Google has introduced a video sharing component to its Apps Premier suite of software.
Delivering applications from the internet 'cloud' reduces the effort and cost customers have to invest in installing and maintaining software. In addition, these web-hosted applications are designed to promote and simplify how co-workers share and collaborate, since documents reside on a central server and not on individual PCs.
However, concerns exist about the security of hosting software and data in a vendor data center and the loss of control over application performance and availability when vendor servers crash. Another issue with hosted applications is accessing them without an Internet connection, something Google is addressing with its Gears browser plug-in.
2nd Wind Exercise Equipment adopted Google Apps in February for its roughly 330 employees when it faced a Microsoft Exchange upgrade that also involved buying new hardware and would have cost around $225,000 (£112,500).
After researching Apps Premier, the US retailer concluded that the Google suite met its requirements at a fraction of the cost of the Exchange upgrade, said Tom Kelly, 2nd Wind's chief financial officer and CIO. The company has also cut down significantly on its Microsoft Office licenses.
The company is pleased with Apps Premier, and more so now with the video service, which it had a chance to test in recent months. It is using it for training and corporate communications, and was also able to move its TV commercials from its former video storage provider to the Google suite, eliminating a $12,000 (£6,000)-per-year expense, Kelly said.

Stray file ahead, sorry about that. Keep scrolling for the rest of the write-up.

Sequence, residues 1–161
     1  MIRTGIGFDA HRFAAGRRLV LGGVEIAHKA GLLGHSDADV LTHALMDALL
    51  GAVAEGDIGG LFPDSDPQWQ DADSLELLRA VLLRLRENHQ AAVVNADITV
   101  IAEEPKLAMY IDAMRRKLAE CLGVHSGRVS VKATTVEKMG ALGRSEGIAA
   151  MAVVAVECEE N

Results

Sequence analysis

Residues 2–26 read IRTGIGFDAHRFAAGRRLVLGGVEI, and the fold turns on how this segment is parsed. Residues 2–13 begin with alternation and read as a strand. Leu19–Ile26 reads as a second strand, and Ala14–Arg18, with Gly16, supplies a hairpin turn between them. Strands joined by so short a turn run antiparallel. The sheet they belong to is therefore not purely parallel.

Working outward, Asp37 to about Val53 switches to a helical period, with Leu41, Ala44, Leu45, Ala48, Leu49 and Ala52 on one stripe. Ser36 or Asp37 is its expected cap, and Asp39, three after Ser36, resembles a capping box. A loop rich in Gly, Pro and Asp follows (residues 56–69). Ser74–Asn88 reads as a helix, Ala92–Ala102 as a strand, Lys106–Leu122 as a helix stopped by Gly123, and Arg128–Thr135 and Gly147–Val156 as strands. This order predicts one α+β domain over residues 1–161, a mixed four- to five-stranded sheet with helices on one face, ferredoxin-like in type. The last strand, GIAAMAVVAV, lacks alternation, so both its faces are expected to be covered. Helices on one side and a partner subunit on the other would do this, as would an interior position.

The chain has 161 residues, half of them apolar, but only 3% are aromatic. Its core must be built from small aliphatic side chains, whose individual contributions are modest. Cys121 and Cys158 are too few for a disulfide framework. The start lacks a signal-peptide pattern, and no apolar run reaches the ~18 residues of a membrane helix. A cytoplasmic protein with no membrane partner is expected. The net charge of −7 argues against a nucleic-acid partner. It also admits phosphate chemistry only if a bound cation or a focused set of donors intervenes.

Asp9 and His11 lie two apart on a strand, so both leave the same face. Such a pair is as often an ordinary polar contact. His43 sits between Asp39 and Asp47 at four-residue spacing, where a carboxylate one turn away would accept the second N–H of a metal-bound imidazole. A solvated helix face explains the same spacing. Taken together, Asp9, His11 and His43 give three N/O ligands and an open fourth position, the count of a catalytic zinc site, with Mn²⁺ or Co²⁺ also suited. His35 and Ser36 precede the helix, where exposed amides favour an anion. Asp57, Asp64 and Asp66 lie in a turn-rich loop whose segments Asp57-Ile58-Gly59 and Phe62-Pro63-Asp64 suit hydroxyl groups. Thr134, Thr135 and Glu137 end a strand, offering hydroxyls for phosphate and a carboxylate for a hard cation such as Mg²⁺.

The quality of the video streaming has been very good. "It's very quick, very smooth. We've had no buffering issues at all," he said.
Nucleus Research analyst Rebecca Wettemann said the video service is "a potentially very powerful business tool, particularly from the training perspective".
It will be in Google's best interest to evangelise among Apps Premier administrators the various scenarios and uses in which creating and uploading a video can be useful, Wettemann said.
"There are many cases in the business environment where, if I could shoot a quick little video to show people something, I could get my point across much more effectively than with email or a phone conversation," she said.